There are additional enjoyable activities at Sai Yok National Park. There are other others to pick from. Both of them are rafting to see the sights on both sides of the Kwai Noi River. I’m looking forward to seeing “Khun Kitti” bats. The world’s tiniest mammal the body measures 2.5-3.0 centimeters in length and weighs 1.5-2.0 grammes. Lives in the park’s forest. Sai Yok is the only place with many activities, such as trekking activities at the National Park Protection Unit, which is approximately 9 kilometers away, and also a river rafting route at Huai Mae Nam Noi stream, which is approximately 20 kilometers away from the National Park Protection Unit, which can provide you with hours of enjoyment.

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The Sai Yok Noi Waterfall can divide into two places.

Saiyok Noi Waterfall
The Sai Yok Noi Waterfall

       The Sai Yok Noi Waterfall, also known as the Khao Phang Waterfall, is located in the Sai Yok National Park. It is another well-known waterfall in Kan, at roughly 15 metres tall. It is not a particularly huge waterfall. Suitable for swimming and resting. in the vicinity of the waterfall and the road facing the waterfall will be lined with businesses and delectable restaurants. There were numerous souvenir shops from which to pick. And don’t forget about the Som Tam restaurant.

Saiyok Noi Waterfall
The Sai Yok Yai Waterfall

       Waterfall at Sai Yok Yai It is a waterfall that feeds the Kwai Noi River. The northern section, which is divided into two intersections, is known as Sai Yok Yai Waterfall. It is a single-tiered waterfall that stands about 8 metres tall. The waterfall’s grandeur can be seen from the Saiyok Suspension Bridge perspective. Alternatively, take a boat cruise to visit a neighboring waterfall.

Sai Yok District is around 37 kilometers from Kanchanaburi's city Centre

            How to Get There: Sai Yok National Park is one of the most appealing parks for visitors. You have the option of taking the train, boarding a boat, or driving oneself. Drive along Highway No. 323 from downtown Kanchanaburi until the 97th kilometer, then turn left into the Sai Yok National Park Office for another 3 kilometers from Kanchanaburi Port. A long-tailed boat is travelling down the Kwai Noi River. till reaching the Sai Yok Waterfall, and from Thonburi Railway Station (Bangkok Noi) until arriving at the Sai Yok Noi Waterfall Station. Then take a minibus on the Kanchanaburi – Thong Pha Phum route for another 34 kilometers to the Sai Yok National Park Office.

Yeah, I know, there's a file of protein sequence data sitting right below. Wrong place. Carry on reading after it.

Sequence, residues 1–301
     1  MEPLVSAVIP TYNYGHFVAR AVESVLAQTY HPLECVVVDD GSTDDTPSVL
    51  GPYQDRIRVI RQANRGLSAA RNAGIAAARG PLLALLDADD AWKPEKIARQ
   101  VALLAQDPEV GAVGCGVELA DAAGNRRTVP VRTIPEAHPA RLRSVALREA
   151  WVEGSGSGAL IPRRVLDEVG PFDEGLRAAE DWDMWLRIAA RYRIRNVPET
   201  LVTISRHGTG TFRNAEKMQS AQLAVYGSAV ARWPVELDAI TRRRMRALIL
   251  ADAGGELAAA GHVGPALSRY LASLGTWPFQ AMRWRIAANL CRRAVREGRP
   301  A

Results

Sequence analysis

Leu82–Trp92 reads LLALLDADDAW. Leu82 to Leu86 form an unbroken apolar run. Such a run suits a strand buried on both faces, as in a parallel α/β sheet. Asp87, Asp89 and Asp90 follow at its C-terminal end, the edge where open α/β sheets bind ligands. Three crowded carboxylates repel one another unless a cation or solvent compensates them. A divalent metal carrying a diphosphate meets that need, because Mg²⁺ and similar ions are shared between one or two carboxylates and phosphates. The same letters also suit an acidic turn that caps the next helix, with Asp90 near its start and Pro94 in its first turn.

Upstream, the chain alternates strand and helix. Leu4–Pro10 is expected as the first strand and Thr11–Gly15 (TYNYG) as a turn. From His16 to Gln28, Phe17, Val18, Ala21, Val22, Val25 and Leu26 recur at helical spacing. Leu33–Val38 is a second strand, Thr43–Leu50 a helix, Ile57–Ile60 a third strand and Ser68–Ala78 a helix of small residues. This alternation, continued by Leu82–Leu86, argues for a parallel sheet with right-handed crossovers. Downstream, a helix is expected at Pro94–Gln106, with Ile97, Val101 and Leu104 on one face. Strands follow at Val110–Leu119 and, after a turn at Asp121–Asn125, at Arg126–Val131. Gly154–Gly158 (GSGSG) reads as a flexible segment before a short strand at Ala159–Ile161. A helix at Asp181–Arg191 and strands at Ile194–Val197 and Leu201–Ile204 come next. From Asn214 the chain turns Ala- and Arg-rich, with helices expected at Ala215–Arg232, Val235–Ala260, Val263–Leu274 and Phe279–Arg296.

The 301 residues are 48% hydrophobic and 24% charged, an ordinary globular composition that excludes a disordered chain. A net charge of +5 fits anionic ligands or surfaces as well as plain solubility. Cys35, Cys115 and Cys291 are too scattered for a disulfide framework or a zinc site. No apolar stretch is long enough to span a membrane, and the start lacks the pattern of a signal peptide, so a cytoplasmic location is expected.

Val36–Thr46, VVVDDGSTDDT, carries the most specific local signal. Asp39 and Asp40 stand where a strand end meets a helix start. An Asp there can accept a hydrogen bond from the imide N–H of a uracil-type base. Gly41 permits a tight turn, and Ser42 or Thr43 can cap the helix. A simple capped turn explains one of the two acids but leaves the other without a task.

Travel season: All year, although the conclusion of the rainy season to the beginning of winter will be the most beautiful and appealing.

         Facility: The Sai Yok National Park has both detached and independent dwellings. on the incline House on the Kwai Noi River with a close-up view of nature There is a camping area for campers here. and a variety of tents with bedding for rent, as well as an outdoor stage nature trail the vista at Sai Yok Waterfall, where the river flows into the river, is also stunning. In terms of food, there is a welfare restaurant operating from the morning till the evening.

Address: Sai Yok Sai Yok Kanchanaburi 71150

Telephone No. 034-686024

E-mail: saiyok_np23@hotmail.com

Website: www.dnp.go.th

Facebook: https://www.facebook.com/SaiYokNationalPark/

Open: 8am – 6pm.

Admission: 300 baht for adults, 200 baht for children

Google location of Sai Yok Noi: https://goo.gl/maps/LiqhWYEhTUfRyVD89

Google location of Sai Yok Yai:  https://goo.gl/maps/WcXjtosJi2N2Aqfw6

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Tham Krasae, Kanchanaburi, Thailand

Tham Krasae

Tham Krasae story